Monday, February 8, 2016

Life Sells Chips (or, Chips Sell Life)

If you want to sell something, what better place than the most-watched television program of the year?  That, as those who follow American football or American pop culture could tell you, would be the Super Bowl, the National Football League’s annual championship game. Small wonder that advertisers spend millions of dollars for a single 30 second ad during the broadcast. Most often these ads are for things like beer, cell phones, cars, insurance, etc., but sometimes something a little different shows up.  Six years ago, for instance, Focus on the Family ran a pro-life ad featuring the mother of college football star Tim Tebow, which created a lot of discussion about the cause of life and, as I detailed in this post last week, saved at least one life.

Freddy Carstairs appearing in Doritos Super Bowl Ad (image from youTube)

    A Super Bowl ad promoting human life made waves again last night . . . but not in quite the same way as the Tebow ad did.  The commercial in question was advertising Doritos tortilla chips.  In this one, we see a mother happily looking at an ultrasound image of her late-stage unborn baby on a monitor; the mother then turns to her husband, who is contentedly munching on Doritos.  To the mother’s increasing annoyance, the father waves one of the salty snacks in front of the screen, where we can see the unborn baby reaching for the chip.  Finally, the exasperated mother grabs the chip from her husband’s hand and hurls it at her feet, at which point the unborn baby on the monitor, apparently eager to eat the chip, appears to dive for the “exit”, at which point the mother goes into labor.
    First of all, it’s a pretty sure bet that this ad is not intended (certainly not by Frito-Lay, the producer of Doritos) to make a pro-life statement.  According to an article that ran a couple weeks ago on lifesitenews.com, the creator of the ad, an Australian filmmaker named Peter Carstairs, came up with the idea when he saw ultrasound images of his unborn son Freddy (who was born last year). There is no indication that Carstairs was looking to make a pro-life statement; he did find the concept funny.  Frito-Lay chose Carstairs’ ad, no doubt because it tested well, and was unusual enough to stand out from the the welter of weird and ridiculous ads striving to make an impression upon Super Bowl viewers.

Ultrasound baby reaching for chip (image from Youtube)
    And make an impression it did, in some cases positive, in some . . . less so.  Apparently, NARAL PRo-Choice America (formerly the National Abortion Rights Action League) found this tortilla-affirming commercial to be guilty of the shameful “antichoice tactic of humanizing fetuses” (see article here), demonstrating yet again that pro-abortion fanatics cannot abide any suggestion that unborn humans are, well, human.  That’s why they insist on using dehumanizing terms like “fetus”.  That is also why they despise ultrasound, because sonograms make unavoidably obvious the already irrefutable scientific fact that unborn babies are not just “clumps of cells”, but little people.  Their objection to this particular commercial is not so much that the “fetus” is doing things that an unborn baby can’t do, but that the ultrasound image is being shown at all.  That’s why they fight tooth and nail against laws mandating that women seeking abortion first be shown an ultrasound of the “product of conception” in their womb: because ultrasound changes minds, even ordinary ultrasounds of unborn humans doing ordinary things.  As I detail in my post “The Truth Is Our Ally In The Fight For Human Life”:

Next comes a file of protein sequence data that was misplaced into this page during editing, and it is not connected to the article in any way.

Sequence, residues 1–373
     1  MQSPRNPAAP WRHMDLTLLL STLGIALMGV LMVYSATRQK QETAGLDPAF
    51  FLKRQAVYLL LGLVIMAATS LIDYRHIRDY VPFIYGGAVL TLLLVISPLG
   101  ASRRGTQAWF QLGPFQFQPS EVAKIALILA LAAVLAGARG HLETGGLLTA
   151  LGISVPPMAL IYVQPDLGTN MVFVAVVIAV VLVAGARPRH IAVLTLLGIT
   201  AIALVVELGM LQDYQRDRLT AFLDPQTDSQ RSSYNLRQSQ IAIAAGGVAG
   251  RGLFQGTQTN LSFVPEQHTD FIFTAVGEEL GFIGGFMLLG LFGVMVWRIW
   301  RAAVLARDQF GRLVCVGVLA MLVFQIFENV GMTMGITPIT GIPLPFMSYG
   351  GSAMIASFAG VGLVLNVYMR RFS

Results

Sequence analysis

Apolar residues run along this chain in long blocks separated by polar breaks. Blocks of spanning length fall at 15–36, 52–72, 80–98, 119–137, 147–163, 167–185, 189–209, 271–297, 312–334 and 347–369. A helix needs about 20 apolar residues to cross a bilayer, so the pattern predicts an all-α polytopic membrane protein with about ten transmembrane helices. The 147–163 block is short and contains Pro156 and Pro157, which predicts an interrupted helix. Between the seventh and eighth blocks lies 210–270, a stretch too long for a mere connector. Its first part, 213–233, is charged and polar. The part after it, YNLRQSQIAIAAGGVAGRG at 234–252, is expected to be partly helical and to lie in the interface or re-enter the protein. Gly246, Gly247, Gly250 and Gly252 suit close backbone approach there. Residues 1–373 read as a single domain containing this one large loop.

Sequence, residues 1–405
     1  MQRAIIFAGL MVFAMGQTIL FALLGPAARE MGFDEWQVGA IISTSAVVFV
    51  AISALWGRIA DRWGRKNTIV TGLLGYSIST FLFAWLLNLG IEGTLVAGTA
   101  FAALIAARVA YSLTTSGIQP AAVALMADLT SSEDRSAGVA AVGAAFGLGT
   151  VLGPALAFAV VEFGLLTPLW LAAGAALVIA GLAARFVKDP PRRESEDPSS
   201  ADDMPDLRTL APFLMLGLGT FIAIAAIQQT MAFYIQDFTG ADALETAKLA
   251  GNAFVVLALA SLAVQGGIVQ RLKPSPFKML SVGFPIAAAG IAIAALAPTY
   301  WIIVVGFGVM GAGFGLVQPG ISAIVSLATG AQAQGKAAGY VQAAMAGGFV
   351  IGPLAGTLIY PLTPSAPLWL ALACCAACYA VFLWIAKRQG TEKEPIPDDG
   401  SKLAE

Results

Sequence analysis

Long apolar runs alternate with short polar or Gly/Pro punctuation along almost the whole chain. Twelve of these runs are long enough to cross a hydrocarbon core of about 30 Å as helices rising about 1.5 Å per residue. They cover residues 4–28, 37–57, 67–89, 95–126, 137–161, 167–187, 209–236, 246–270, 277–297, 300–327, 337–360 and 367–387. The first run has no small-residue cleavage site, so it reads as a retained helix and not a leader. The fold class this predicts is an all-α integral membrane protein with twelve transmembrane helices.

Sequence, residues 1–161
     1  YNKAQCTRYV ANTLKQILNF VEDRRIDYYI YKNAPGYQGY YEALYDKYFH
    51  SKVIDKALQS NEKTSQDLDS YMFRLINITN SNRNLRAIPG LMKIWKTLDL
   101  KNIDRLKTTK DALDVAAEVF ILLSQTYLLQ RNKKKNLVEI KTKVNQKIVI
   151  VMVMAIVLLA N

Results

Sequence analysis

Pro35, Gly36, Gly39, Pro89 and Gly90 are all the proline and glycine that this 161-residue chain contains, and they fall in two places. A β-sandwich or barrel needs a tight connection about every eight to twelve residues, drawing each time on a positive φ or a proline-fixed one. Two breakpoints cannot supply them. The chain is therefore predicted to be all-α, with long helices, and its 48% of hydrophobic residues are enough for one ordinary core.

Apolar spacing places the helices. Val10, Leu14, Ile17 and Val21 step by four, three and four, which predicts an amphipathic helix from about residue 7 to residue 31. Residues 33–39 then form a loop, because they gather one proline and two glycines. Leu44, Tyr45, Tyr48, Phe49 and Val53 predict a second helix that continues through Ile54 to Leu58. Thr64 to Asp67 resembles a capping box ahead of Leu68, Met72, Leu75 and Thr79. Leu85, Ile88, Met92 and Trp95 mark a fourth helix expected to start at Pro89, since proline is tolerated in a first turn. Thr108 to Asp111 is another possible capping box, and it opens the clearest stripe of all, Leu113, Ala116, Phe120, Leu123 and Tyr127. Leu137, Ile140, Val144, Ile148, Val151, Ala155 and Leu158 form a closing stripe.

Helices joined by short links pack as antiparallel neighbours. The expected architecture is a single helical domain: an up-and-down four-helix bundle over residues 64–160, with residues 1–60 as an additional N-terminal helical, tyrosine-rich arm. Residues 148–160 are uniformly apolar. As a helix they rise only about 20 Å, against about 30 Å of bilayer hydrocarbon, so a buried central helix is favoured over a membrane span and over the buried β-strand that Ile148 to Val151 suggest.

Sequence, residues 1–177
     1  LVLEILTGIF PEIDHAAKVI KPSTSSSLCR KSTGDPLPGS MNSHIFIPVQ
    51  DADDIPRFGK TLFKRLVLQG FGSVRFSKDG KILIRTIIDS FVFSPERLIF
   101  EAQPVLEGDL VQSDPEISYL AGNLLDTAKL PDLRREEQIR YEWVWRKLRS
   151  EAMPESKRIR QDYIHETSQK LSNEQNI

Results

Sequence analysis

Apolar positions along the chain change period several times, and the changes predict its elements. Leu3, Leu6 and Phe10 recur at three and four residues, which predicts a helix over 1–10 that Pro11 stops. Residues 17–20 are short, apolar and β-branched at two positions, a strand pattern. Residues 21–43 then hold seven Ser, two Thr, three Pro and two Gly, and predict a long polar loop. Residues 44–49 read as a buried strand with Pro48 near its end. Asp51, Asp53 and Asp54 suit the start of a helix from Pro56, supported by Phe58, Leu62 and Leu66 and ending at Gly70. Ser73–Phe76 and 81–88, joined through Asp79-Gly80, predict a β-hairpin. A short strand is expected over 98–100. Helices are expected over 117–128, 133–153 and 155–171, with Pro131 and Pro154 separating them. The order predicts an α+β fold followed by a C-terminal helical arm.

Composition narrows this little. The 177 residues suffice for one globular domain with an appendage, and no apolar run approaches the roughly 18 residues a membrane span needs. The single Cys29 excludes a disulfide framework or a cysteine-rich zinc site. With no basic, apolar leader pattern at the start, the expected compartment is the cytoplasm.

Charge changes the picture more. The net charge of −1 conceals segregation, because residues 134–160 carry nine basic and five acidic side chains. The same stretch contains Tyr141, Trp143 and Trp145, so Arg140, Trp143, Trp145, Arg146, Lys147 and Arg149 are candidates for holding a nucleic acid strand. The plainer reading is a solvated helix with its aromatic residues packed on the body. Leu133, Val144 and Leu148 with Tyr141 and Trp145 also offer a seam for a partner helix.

The abortion providers can only argue that simply requiring them to show truthful, unaltered pictures of what (or more accurately, as the images show, who) is being aborted will dissuade some of their customers.  A federal court, in striking down one of these laws in North Carolina, said in its decision [according to pro-life attorney Howard Slugh] that the law “explicitly promotes a pro-life message by demanding the provision of facts that all fall on one side of the abortion debate.”  Notice that the law does not require the suppression of “facts” that fall on the other side of the debate: it simply requires that the mother know all the facts before undergoing abortion, and the facts happen to be pro-life.  And so the abortionists are reduced to asking the court to help them hide the plain, incontrovertible truth.  As Slugh notes:

All these sources agree that the more a mother knows about her child, the less likely she is to abort him.  This is not because ultrasound images are misleading or politicized; it is because they supply a mother with truthful information necessary for making an informed choice.

Champion of Human Life?
    Last night’s silly little Doritos ad, has (most likely unintentionally) reminded millions of people about the truth of human life in the womb. I doubt that Frito-Lay was trying to make a pro-life statement with their ad: they probably saw it as just a funny take on an everyday experience that would help them sell chips.  It’s quite possible that, if they determine that the unfavorable attention from abortion promoters is hurting the bottom line, they may issue an apology and pull the ad from the internet (if YouTube doesn’t do it first).  Let’s hope not; we shouldn’t allow the abortion industry and its apologists to silence the Truth.  It might even be worth buying a bag of Doritos . . .